A sizable proportion of the freshman class disapproves of the teaching methods used in sections of General Education courses, although approving their general aims, according to a poll of 130 students taken by the Student Council.
In the same poll, students found the lectures the most valuable parts of these courses.
The poll, second in a series of three Council investigations relating to problems of the freshman year, asked members of the Class of '58, selected at random, to list the teaching methods used in their sections, the teaching methods they considered most desirable, the amount of time spent in their work, and the comparative value of the different parts of their courses, such as lectures, reading, and papers.
They also listed the objectives section instructors most often achieved in their sections, and voted preferentially for a set of six objectives commonly sought after in sections.
The freshmen used an elementary course in the Humanities, the Natural Sciences, the Social Sciences, or General Education Ahf as the basis for their answers.
The majority of students in all courses indicated that sections should be devoted to general group discussion: 67 approved this plan as opposed to no more than 27 for any other method. But only 31 out of the 130 responses, or less than 24 percent, indicated that general discussion actually took place in their sections.
Disparity in Nat Sci's
The greatest disparity between general discussion and other procedures was in the Natural Sciences courses, where slightly less than 54 percent of the 42 students responding indicated a preference for discussion, yet less than 14 percent indicated that open discussion was actually practiced in preference to lectures by the instructor.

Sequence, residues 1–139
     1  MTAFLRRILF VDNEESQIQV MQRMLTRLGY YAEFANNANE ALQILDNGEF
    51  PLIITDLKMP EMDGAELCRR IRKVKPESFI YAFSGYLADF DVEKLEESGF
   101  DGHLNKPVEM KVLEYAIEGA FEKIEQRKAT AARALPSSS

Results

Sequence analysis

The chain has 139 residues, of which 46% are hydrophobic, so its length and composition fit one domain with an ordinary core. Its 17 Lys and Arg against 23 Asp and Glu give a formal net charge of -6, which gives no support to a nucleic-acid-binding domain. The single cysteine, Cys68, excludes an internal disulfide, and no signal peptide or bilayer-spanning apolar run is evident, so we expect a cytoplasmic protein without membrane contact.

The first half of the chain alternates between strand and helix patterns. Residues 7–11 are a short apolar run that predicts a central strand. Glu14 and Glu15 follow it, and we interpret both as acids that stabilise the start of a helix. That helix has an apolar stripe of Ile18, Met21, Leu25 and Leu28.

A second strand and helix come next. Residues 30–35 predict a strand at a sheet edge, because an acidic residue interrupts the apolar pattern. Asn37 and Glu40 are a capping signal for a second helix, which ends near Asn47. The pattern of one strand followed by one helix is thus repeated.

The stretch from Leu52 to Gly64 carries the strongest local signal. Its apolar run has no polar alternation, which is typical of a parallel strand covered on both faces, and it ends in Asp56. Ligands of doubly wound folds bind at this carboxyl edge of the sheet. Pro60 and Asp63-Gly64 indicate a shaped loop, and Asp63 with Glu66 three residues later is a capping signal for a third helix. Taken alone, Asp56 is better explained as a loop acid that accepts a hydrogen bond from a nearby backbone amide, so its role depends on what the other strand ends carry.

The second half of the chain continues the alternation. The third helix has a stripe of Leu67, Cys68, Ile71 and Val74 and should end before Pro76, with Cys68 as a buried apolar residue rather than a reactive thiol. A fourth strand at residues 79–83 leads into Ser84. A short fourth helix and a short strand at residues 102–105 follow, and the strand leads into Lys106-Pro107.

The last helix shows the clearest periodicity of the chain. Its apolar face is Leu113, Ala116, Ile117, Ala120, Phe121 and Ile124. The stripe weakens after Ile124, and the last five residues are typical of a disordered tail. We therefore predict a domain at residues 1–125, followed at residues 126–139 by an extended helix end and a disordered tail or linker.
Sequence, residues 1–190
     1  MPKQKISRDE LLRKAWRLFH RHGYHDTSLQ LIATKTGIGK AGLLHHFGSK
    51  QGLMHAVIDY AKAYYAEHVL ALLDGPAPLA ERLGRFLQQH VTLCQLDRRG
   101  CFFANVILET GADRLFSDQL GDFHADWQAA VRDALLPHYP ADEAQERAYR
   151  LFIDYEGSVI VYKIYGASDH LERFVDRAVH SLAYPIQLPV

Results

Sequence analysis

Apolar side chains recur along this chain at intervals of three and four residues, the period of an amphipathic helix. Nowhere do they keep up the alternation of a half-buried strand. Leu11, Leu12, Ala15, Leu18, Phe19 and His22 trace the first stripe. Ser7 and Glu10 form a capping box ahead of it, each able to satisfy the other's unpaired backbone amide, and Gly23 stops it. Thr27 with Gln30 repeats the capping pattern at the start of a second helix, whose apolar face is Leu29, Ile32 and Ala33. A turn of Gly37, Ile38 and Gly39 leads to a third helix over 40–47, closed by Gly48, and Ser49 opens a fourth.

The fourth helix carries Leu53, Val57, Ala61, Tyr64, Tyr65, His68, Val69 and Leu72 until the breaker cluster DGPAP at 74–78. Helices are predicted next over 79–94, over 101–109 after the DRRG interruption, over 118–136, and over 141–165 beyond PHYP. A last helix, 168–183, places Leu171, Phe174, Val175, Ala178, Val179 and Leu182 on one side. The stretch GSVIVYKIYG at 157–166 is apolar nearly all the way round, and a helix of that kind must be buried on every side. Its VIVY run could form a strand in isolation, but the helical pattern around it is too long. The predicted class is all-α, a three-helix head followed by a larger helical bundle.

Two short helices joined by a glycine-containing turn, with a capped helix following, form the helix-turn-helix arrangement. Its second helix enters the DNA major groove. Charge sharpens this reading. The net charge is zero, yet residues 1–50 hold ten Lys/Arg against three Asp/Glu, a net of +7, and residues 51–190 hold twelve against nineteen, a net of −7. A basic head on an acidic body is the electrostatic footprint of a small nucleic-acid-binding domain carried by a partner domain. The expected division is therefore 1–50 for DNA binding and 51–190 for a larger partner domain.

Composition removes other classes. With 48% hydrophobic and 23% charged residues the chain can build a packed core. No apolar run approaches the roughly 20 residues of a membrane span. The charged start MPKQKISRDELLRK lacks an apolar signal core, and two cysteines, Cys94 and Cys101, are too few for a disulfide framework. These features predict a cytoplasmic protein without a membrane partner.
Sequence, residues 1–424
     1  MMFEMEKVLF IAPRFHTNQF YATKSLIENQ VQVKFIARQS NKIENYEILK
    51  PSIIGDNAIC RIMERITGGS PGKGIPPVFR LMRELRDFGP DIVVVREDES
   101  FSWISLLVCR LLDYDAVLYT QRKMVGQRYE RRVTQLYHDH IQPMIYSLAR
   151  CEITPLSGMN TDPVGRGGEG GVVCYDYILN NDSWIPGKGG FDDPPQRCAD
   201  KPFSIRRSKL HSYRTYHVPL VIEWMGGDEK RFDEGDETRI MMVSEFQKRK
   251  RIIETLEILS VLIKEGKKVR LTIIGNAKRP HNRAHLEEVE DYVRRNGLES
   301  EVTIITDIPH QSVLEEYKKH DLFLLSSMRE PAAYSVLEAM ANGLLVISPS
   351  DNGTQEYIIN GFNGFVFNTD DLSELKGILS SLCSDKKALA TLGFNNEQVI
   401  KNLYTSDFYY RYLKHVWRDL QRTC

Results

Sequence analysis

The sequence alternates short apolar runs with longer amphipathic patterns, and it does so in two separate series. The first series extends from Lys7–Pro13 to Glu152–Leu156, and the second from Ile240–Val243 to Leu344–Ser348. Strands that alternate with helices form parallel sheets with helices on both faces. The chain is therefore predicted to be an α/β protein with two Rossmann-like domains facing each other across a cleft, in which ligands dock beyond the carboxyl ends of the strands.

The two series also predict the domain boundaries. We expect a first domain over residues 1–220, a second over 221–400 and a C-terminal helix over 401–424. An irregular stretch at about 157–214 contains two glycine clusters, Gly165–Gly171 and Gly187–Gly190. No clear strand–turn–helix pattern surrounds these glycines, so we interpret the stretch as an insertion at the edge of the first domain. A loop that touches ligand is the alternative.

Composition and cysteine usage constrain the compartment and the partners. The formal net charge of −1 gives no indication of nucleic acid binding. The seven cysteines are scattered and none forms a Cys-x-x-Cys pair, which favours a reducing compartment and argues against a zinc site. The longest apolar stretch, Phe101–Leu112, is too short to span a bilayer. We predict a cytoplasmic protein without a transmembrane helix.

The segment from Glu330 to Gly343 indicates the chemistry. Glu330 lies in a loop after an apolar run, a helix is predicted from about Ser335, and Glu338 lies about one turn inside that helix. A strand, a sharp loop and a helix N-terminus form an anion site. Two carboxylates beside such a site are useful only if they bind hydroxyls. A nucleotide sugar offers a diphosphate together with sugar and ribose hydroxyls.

In the Social Science courses, 60 percent of the 20 polled indicated a preference for general discussion; but only 32 percent said that they themselves participated in it.
There were also questions on the poll which concerned the caliber of the student who benefited most from the sections. In response to the inquiry, "Who gets the most out of your sections?" the majority felt that students in the upper quarter of the class received the most benefit. Virtually the same majority agreed that the section men tended to aim their teaching at students in the second rank quarter.
But a significant, though smaller, majority decided that section instructors ought to direct their efforts to students in the third rank quarter.
Among the actual objectives of sections, students approved most strongly of developing analytical and interpretive skills, and filling in important material omitted by lecturers or in reading. These aims ranked first and second in the list of objectives most often achieved in sections.
Despite the broadness of the customary lecture in General Education courses, the freshmen indicated that lectures had contributed most to their understanding of their courses, decidedly more than reading or sections. Of 130 responses to the query: "Hour for hour, which has contributed most to your understanding of the course?" 57 replied lectures; 31, reading; 26, sections; nine, papers; two, conferences; and five did not answer.
The poll also indicated that a majority--61 out of 130--of the freshmen spent "most of the time under pressure" from their studies. Thirty-three were "occasionally" harassed; and 31 felt that they were "constantly" bothered. Only three students replied that academic obligations pressed them "rarely."
In accord with these findings, 48 percent of those polled said that one should be fully prepared for sections at all times; and another 30 percent said that one should be fully prepared most of the time.
But of those who answered the poll on the basis of a course in the Natural Sciences, a full 40 percent said that it didn't matter whether they prepared or not.